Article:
Survivors of eastern Turkey's earthquake pleaded for more
tents on Thursday, fearing death from cold after a tremor that killed at least
523 and left thousands sleeping in the open.
Some blamed the ruling AK party for a slow response and
accused officials of handing aid to supporters, after standing in long queues
only to be told there were no tents left. Others said profiteers were hoarding
tents and reselling them.
"Everyone is getting sick and wet. We have been waiting
in line for four days like this and still nothing. It gets to our turn and they
say they have run out," said Fetih Zengin, 38, an estate agent whose house
was badly damaged in Ercis, a town of 100,000 that was hardest hit by Sunday's
7.2 magnitude quake.
"We slept under a piece of plastic erected on some wood
boards we found. We have 10 children in our family, they are getting sick.
Everyone needs a tent, snow is coming. It's a disaster."
Ergun Ozmen, 37, was carrying loaves of bread after queuing
"People are taking 10 tents and selling them. It's a
disgrace. I slept in the municipal park all night in the rain. My shoes are
filled with water. I only registered to get a tent this morning as I have been
busy burying the dead," he said.
The death toll rose to 523, with 1,650 injured in the
biggest quake in more than a decade in Turkey. The Disaster and Emergency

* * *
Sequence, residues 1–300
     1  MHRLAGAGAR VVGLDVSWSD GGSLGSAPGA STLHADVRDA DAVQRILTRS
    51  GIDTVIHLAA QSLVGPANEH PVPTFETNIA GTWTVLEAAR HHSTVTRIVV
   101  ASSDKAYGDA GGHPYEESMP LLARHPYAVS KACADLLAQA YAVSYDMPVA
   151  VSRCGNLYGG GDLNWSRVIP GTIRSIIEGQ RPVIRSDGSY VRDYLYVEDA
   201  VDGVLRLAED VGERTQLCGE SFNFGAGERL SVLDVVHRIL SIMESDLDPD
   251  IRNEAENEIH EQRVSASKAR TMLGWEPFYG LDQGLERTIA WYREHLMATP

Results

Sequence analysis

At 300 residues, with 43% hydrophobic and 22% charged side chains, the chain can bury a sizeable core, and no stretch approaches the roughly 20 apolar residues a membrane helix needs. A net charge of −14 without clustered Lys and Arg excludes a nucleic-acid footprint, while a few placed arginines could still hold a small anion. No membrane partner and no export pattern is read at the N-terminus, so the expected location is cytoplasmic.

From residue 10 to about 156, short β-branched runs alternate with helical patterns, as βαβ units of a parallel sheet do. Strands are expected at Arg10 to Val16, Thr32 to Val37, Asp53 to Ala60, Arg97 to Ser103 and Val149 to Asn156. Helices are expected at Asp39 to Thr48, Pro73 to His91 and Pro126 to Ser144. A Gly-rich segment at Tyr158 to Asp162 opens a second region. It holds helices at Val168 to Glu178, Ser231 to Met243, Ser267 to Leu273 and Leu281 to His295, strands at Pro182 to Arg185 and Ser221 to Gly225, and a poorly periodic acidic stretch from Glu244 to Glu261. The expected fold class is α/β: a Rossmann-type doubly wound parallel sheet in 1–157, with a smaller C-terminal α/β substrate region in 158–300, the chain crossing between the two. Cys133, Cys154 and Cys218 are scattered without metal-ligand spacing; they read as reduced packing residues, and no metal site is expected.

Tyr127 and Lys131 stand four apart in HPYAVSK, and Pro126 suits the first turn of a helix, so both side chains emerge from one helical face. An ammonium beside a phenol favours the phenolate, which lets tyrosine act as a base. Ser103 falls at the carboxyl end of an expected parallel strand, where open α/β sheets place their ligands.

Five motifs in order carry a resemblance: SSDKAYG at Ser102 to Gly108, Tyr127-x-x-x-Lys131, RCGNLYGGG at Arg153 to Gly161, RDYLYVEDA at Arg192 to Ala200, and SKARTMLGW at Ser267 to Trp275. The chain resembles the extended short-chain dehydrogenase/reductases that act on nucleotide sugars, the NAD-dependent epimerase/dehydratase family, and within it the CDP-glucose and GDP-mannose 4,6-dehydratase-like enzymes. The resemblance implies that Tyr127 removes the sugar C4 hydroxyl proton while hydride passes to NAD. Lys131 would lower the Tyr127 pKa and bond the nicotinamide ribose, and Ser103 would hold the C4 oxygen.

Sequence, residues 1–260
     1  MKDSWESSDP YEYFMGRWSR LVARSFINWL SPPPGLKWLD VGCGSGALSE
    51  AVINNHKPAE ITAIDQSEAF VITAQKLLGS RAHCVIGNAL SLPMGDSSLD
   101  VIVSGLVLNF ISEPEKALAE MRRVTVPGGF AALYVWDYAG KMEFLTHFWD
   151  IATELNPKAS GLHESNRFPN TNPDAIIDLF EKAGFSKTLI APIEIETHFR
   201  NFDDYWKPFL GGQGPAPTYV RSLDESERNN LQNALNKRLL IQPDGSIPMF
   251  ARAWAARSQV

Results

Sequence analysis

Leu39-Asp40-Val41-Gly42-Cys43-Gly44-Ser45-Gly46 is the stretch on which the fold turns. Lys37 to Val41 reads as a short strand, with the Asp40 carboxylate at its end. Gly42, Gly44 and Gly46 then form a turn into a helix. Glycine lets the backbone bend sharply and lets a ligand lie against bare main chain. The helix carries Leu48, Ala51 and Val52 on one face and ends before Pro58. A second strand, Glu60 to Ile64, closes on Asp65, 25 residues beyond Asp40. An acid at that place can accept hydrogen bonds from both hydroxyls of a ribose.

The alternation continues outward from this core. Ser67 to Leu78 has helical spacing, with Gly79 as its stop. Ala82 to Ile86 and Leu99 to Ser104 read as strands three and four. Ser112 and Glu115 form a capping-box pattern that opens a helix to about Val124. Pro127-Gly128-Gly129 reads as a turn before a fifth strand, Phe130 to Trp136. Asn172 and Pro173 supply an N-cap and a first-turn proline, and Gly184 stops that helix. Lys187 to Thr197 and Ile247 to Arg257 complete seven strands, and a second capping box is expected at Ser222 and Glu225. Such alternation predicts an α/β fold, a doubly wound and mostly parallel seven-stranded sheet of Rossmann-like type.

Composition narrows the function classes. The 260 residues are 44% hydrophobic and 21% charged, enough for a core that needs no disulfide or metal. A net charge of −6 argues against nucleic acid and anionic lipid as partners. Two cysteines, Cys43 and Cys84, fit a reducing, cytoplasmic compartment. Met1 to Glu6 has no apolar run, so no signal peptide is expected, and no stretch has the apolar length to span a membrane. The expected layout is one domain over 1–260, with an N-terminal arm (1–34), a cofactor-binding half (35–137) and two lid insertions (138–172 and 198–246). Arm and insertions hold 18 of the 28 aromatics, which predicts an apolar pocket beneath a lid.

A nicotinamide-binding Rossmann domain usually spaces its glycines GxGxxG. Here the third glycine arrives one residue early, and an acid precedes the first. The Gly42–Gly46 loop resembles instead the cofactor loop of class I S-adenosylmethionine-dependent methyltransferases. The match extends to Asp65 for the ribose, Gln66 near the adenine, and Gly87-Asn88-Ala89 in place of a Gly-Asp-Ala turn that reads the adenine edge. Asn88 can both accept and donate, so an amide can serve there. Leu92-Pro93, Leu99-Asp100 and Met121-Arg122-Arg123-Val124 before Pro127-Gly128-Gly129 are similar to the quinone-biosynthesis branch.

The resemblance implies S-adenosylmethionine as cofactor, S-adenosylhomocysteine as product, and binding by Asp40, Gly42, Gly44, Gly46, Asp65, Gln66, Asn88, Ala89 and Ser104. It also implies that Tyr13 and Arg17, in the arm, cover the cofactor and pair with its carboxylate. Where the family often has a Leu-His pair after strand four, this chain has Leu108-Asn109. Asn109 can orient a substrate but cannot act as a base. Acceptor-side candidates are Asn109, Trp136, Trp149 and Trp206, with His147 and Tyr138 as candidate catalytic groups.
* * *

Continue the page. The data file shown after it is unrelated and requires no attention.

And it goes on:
Administration said 185 people had been rescued alive from collapsed buildings
since the quake.
Searches for survivors went on at some sites but at others
rescuers stopped work. The bodies of a mother and her baby were pulled out from
one building during the night, witnesses said. Several countries have answered
Turkey's call for help to supply tents, prefabricated housing and containers.
Turkish media said prefabricated homes sent by Israel,
despite poor relations between the two countries, were being transported to Van
In central Ercis, long lines of people queued for tents in
mud and cold rain. Snow fell overnight in the mountains and many said they
feared the onslaught of winter. Occasional scuffles broke out.
Exhausted relatives clung to the hope that loved ones would
be found, keeping vigil at the site of their destroyed homes as searches went
on for any sign of life.
Overnight, groups of shell-shocked people roamed aimlessly,
with no home to go to, huddling around fires as temperatures dropped to
freezing. Others congregated in relief camps.
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